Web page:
BooksOfTheMoon

The Secret Life of Bletchley Park: The WWII Codebreaking Centre and the Men and Women Who Worked There

By Sinclair McKay

Rating: 4 stars

This book acts as a social history of the activities of the Government Code and Cypher School at Bletchley Park during the second world war. It becomes clear fairly early on that Mckay doesn’t have any technical knowledge and doesn’t even try to get across any of the technical aspects of ciphers and codebreaking, but that’s not the point of this book. If you want the technical details, then a book like Colossus: Bletchley Park’s Greatest Secret is probably a better choice. However, this book does look at the people at Bletchley and the lives they led during their time there. In this regard, it succeeds, with interviews from survivors and extracts from various documents in different archives.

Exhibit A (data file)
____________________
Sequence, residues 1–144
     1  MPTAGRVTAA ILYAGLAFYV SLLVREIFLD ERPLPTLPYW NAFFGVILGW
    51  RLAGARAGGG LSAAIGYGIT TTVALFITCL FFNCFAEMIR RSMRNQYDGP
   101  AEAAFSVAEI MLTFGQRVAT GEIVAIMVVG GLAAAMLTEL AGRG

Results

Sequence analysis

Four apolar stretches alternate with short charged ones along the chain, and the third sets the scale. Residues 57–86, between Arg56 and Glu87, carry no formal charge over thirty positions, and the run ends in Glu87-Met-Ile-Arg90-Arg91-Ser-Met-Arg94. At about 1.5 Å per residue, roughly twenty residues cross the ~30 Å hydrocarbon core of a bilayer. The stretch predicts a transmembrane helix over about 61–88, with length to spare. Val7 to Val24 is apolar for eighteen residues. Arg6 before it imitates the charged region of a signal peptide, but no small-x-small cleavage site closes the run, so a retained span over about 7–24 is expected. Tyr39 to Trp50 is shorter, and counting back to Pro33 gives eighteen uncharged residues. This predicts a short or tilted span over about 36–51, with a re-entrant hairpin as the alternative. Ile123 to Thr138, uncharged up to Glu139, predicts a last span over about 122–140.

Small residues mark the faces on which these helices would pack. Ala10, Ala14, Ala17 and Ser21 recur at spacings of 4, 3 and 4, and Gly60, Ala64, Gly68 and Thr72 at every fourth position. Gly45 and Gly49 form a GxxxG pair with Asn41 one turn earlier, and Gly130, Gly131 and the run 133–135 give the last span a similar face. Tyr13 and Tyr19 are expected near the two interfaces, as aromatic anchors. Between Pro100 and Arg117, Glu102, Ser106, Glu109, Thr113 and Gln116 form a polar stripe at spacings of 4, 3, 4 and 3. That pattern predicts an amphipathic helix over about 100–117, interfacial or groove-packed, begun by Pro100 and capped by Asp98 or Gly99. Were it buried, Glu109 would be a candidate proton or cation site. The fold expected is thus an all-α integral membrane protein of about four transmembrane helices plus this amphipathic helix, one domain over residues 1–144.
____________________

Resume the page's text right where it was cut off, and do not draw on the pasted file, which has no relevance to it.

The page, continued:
Various aspects are discussed, from recruitment to Bletchley, and how that changed over the course of the war, to the way the work was apportioned and segregated between the various huts, to the famous social side of the Park. It’s well-written and makes for a very interesting and enjoyable read. McKay has done his research with his interviewees who all sound like a fascinating bunch, but with narrow knowledge (due to the secrecy at the site). McKay is able to draw the various accounts into a more rounded and wider account.

So quite a broad, rather than detailed, account of the work of Bletchley, but definitely fascinating without any jargon to worry the non-technical.

Book details

ISBN: 9781845136338
Publisher: Aurum Press
Year of publication: 2010

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